David Weitz elected to the National Academy of Engineering

Applied physicist honored for his contributions to engineering

David A. Weitz, Mallinckrodt Professor of Physics and Applied Physics at the Harvard John A. Paulson School of Engineering and Applied Science (SEAS), has been elected to the National Academy of Engineering (NAE).

Weitz, an expert in the physics of soft condensed matter and an entrepreneur, is among 104 new members who have made outstanding contributions to engineering research, practice, or education and pioneered new and developing fields of technology.  Weitz is being honored for his discoveries of complex fluids, colloids, and emulsions, which have resulted in new products and companies. He is joining 15 other SEAS faculty members who are members of the NAE.

Weitz is the director of the Materials Research Science and Engineering Center (MRSEC), an associate faculty member of the Wyss Institute for Biologically Inspired Engineering, a member of the Kavli Institute for Bionano Science & Technology, and the co-director of the BASF Advanced Research Initiative at Harvard.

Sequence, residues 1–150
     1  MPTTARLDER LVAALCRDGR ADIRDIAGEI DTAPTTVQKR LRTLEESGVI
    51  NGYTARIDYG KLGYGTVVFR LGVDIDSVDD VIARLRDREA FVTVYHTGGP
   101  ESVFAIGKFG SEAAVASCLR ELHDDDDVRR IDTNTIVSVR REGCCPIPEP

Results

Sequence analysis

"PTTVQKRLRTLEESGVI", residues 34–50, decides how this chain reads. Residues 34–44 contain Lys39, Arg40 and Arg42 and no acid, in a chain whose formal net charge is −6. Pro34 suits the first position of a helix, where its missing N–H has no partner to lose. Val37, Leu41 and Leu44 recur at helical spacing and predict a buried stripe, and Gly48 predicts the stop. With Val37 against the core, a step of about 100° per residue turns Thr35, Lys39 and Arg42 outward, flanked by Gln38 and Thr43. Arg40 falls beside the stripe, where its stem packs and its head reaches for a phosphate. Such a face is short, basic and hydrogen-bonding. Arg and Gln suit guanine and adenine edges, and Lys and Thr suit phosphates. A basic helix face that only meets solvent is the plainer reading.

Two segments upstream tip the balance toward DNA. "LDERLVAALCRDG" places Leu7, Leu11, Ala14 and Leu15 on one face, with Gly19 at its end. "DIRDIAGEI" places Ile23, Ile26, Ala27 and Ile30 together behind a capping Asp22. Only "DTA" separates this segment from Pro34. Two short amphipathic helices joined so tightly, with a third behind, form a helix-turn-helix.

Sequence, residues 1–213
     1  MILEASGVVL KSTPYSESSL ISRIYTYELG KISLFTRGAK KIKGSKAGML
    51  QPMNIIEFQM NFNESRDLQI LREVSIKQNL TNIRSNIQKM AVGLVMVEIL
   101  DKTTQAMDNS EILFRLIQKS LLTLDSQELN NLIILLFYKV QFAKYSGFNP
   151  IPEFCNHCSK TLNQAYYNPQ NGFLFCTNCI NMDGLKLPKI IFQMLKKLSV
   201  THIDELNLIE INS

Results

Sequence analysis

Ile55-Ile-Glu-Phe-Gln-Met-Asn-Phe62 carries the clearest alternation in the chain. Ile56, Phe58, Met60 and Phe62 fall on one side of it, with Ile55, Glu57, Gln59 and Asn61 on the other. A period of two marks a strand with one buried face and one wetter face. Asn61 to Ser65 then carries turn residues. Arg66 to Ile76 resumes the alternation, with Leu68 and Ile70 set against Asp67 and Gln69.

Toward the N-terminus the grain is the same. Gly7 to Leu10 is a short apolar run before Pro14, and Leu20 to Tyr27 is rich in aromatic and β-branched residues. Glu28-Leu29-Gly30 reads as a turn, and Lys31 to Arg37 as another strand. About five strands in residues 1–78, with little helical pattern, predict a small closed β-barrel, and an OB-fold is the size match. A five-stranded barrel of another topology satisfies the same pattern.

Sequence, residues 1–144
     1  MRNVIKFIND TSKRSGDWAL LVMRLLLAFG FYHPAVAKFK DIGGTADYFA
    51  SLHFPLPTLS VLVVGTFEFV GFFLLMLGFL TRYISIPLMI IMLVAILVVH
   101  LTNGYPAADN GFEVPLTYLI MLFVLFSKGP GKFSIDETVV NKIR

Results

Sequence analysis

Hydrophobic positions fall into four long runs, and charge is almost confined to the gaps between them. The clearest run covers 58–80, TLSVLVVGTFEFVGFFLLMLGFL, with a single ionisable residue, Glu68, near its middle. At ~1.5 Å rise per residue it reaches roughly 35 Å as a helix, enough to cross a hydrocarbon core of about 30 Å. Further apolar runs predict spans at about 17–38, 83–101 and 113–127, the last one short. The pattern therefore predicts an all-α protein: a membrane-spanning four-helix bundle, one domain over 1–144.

Weitz and his group study the physics of soft condensed matter, materials easily deformed by external stresses, electric, magnetic or gravitational fields, and even thermal fluctuations. The group studies both synthetic and biological materials, with interests ranging from fundamental physics to technological applications and from basic materials questions to specific biological problems.

Weitz works closely with industry and co-founded and served on the board of directors for several start-ups including GnuBIO, which uses microfluidics for sequencing, HAbSel, which uses microfluidics to discover human antibodies and Raindance Technologies, which uses genomic tools for non-invasive liquid biopsy.

Weitz is also the co-creator of the popular Science and Cooking general education course at Harvard University.  

Weitz received his B.Sc. in Physics from the University of Waterloo and his Ph.D. in Physics from Harvard. Prior to joining the Harvard faculty in 1999, he worked as a research physicist at Exxon Research and Engineering for nearly 18 years, leading the Interfaces and Inhomogeneous Materials Group and Complex Fluids Area, and held an appointment as a Professor of Physics at the University of Pennsylvania.

He is a member of the National Academy of Sciences and the American Academy of Arts and Sciences.

Individuals in the newly elected class will be formally inducted during a ceremony at the NAE’s Annual Meeting in Washington, D.C. on October 9, 2016.

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